On the ruins of glory: the life of the heroes of the documentary project on the BBC channel collapsed to smithereens after filmingBy Pictolic https://pictolic.com/en/article/on-the-ruins-of-glory-the-life-of-the-heroes-of-the-documentary-project-on-the-bbc-channel-collapsed-to-smithereens-after-filming
Fame does not always bring happiness, and this family is just such a case. Karen Wakefield and her husband Paul Dawson became famous after the story about the creation of their laundry "Wishy Washy" appeared in the BBC documentary series "People Like Us". After the end of the show, their lives rapidly went downhill.
What happened to the family after the end of filming — find out from our material.The couple, who became famous thanks to a controversial BBC documentary project, told how their lives were destroyed after filming the show. Karen Wakefield and Paul Dawson appeared on the screens in the program "People Like Us", where they founded a laundry. The program featured people hired specifically to create the appearance of an active and busy life in the area.The documentary project covered the lives of people in the poorest neighborhoods of Manchester. For a married couple and their two daughters who took part in it in 2014, the final was not at all rosy. In 2016, they lost their business after a two-year fight with a gas supplier over a controversial bill for its services.Karen says that time was the worst in their lives. The supplier company presented them with a debt and cut off the gas through the court. Without this, the laundry could not exist, but the family decided to fight for their business at all costs. During the two years of unsuccessful struggle for the laundry, they hired several lawyers, but in 2016 all resources were exhausted, and the couple had to give up.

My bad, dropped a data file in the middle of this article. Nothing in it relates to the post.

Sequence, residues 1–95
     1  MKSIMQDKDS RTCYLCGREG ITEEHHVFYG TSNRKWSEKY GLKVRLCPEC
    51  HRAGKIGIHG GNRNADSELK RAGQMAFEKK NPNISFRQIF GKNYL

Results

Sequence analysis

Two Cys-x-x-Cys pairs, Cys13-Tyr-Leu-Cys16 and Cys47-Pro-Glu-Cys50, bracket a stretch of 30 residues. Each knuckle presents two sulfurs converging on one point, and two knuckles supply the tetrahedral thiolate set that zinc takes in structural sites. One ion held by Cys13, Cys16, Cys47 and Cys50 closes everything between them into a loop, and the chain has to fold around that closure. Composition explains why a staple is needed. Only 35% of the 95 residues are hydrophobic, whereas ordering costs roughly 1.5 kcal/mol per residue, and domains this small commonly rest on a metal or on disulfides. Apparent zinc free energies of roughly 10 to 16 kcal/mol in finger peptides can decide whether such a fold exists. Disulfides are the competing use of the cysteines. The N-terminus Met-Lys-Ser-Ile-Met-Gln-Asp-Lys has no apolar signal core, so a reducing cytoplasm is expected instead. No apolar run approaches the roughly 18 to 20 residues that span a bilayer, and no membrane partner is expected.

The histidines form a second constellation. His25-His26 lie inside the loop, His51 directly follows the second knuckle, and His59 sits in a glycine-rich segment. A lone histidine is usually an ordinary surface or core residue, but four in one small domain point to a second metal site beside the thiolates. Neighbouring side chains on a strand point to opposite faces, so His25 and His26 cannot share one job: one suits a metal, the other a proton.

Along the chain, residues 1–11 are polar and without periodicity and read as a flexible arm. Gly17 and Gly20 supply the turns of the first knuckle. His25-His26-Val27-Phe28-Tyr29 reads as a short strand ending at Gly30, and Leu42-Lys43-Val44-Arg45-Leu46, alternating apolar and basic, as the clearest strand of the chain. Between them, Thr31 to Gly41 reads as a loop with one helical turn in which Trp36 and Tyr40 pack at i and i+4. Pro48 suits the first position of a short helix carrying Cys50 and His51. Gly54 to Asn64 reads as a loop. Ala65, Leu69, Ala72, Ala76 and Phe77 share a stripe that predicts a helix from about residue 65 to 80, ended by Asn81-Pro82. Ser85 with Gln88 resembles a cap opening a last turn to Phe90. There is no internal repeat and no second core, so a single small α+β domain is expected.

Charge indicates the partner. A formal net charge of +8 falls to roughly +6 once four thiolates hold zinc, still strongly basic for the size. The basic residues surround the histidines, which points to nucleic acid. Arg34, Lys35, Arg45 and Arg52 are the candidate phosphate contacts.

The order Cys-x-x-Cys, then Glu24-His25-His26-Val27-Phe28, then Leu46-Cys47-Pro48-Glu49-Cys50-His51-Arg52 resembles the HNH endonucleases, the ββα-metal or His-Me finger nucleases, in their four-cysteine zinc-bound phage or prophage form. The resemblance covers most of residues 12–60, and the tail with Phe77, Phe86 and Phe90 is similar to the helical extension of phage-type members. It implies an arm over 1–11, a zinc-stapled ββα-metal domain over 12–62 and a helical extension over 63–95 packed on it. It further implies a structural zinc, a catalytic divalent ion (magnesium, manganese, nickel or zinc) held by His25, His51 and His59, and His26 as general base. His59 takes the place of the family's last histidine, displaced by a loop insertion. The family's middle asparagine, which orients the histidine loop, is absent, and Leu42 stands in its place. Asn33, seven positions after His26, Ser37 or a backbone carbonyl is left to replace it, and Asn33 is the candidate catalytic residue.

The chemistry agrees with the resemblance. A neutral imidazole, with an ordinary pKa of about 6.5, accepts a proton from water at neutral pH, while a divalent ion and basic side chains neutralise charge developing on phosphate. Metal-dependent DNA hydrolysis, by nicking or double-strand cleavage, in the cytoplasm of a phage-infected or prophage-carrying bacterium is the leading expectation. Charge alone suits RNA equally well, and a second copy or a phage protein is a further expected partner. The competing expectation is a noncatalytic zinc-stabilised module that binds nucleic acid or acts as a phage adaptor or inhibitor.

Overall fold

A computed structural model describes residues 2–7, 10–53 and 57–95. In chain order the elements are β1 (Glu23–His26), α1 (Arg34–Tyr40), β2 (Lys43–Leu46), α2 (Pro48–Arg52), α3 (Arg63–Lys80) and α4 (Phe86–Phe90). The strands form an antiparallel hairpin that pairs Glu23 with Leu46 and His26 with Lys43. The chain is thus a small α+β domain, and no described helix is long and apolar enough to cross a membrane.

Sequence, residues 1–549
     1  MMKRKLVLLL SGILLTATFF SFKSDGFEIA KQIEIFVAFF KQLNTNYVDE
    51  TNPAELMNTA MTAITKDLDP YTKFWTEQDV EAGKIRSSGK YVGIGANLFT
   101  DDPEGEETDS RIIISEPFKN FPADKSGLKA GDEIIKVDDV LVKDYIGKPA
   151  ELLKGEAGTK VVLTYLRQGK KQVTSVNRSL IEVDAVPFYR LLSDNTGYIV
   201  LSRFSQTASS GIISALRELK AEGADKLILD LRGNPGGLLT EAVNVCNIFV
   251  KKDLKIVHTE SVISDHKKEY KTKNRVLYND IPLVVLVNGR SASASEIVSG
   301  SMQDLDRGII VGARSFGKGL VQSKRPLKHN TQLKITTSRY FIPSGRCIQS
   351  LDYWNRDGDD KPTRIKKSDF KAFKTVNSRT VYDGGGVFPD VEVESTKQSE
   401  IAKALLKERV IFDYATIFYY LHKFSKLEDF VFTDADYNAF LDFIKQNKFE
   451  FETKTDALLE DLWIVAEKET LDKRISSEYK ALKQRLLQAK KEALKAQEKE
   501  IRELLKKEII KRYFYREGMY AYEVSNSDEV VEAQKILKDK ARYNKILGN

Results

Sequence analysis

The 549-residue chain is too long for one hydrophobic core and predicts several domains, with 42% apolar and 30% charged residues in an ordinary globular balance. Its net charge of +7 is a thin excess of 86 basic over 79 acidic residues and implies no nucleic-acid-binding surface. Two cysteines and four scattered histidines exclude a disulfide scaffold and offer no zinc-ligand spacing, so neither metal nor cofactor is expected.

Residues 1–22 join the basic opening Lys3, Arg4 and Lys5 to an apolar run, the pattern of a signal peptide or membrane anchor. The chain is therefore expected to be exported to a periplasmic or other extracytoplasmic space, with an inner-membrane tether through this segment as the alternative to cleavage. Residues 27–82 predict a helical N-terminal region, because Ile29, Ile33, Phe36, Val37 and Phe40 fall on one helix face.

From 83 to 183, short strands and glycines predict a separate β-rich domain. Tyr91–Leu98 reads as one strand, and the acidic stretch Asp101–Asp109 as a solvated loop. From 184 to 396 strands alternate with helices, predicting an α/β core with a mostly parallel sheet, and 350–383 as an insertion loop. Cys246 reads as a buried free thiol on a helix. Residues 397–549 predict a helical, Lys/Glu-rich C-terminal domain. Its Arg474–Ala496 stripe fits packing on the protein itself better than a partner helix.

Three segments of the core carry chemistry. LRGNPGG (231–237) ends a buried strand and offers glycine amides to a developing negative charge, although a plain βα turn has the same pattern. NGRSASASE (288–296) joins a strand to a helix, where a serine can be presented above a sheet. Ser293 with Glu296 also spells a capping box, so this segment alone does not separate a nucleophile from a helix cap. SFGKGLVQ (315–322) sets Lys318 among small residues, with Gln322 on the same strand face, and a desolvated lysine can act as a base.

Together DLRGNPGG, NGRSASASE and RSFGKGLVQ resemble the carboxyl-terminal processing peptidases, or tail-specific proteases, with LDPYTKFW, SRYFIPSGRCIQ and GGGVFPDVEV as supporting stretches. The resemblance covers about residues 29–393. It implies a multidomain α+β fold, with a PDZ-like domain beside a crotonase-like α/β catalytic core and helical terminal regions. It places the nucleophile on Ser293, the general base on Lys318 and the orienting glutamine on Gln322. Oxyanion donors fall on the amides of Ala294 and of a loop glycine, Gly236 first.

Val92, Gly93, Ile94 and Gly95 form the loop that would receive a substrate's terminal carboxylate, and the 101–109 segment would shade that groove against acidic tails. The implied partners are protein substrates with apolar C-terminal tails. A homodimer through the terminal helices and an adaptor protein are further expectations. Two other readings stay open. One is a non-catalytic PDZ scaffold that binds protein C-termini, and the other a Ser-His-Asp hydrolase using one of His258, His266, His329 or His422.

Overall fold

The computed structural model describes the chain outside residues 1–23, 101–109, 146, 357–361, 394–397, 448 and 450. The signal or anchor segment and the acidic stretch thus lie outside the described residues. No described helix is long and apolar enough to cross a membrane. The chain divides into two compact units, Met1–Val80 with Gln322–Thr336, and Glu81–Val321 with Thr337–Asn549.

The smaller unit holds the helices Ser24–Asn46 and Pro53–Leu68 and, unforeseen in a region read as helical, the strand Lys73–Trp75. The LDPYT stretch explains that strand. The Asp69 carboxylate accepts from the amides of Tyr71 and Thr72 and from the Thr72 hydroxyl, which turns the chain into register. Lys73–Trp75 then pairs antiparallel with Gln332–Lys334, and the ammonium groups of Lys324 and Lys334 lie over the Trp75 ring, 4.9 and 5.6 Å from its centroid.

They had to survive on benefits, but they had to wait 3.5 months before the first payment. The family had no money left even for food. The couple sold everything they could: jewelry, televisions, DVDs and their daughters' phones.
Constant stress has negatively affected the health of all family members. Paul's blood pressure rose, but he had to hold on to help his disabled wife, whose physical and moral condition had deteriorated significantly. One of the daughters left home and quarreled with her sister. She dreamed of becoming an actress, but was so overwhelmed by the attention the show attracted to their family that she began to avoid publicity. It got to the point that Karen started having suicidal thoughts. In addition, her father died suddenly that year.
Fame is like a drug: no matter how bitter the hangover, you want to get a new dose again and again. The euphoria of everyone's attention often ends in complete disappointment off-screen. But it seems that Karen and Paul are no longer afraid of this and they want to remain TV stars in the future.